Return-to-driving expectations following mild traumatic brain injury
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Aim: Although individuals recovering from mild traumatic brain injury (MTBI) could pose a risk to road safety, little is known about their intentions regarding return-to-driving. Reported are the expectations of a sample of emergency department patients with MTBI regarding their recovery and return-to-driving. Method: Eighty-one patients with MTBI were recruited from an emergency department. Participants completed an 11-item questionnaire measuring expectations regarding recovery from injury; five of the items addressed return-to-driving. Results: Only 48% of the sample intended to reduce their driving following their injury. However, those that did intend to reduce their driving nominated a mean duration of 16.59 days (SD?=?31.68) of reduced exposure. A logistic regression found that previous head injury experience and an interaction between pain and previous head injury experience predicted intentions to reduce driving. Similarly, a multiple regression revealed that pain level contributed significantly to the variance in time estimates of return-to-driving. Conclusion: The finding that half the individuals recovering from MTBI do not intend to moderate their driving exposure post-injury is cause for concern, as another study has shown that driving performance is compromised in this group immediately after injury.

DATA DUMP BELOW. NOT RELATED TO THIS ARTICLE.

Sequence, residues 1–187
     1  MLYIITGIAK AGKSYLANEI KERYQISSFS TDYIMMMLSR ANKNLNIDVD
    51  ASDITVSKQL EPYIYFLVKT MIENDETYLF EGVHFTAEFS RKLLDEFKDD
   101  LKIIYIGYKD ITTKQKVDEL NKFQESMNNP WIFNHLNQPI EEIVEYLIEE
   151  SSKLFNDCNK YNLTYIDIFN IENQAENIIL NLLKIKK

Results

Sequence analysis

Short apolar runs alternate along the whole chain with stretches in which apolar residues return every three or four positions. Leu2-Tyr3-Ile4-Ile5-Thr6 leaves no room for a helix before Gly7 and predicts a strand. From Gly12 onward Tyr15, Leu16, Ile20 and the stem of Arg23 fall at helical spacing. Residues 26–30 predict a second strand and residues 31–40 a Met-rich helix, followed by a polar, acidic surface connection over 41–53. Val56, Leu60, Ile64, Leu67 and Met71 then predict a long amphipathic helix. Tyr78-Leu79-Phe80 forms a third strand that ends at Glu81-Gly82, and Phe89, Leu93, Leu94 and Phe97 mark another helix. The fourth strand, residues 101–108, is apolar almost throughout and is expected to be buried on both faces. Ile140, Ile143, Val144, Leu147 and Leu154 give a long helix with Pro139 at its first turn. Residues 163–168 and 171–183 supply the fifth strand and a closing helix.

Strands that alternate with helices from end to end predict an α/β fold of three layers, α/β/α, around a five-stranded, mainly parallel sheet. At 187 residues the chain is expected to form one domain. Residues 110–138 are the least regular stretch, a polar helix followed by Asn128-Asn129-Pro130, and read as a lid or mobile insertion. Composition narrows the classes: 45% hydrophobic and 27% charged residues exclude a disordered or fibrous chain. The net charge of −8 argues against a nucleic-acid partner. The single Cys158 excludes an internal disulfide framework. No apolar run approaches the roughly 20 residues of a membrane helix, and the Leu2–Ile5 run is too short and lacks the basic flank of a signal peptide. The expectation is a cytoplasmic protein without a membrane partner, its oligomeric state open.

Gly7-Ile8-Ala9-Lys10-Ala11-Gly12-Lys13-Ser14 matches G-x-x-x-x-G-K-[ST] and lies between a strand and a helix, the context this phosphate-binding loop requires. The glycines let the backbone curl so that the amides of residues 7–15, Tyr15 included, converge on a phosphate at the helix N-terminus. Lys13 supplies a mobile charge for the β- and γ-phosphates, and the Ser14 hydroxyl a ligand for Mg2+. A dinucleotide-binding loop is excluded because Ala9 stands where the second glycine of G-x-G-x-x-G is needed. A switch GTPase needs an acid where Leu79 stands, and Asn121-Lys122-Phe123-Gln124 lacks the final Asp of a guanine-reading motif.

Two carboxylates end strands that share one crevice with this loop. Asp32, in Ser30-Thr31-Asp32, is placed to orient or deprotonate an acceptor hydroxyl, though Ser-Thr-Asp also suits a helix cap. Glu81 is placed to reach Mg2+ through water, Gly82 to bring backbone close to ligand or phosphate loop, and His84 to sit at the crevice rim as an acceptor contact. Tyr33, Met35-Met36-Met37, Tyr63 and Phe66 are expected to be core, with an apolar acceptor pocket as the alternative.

© 2013 Informa Healthcare. This is an electronic version of an article published in Brain Injury, Vol. 27(1), 2013, pp. 83-91. Brain Injury is available online at: http://informahealthcare.com with the open URL of your article.
Biological Psychology (Neuropsychology, Psychopharmacology, Physiological Psychology)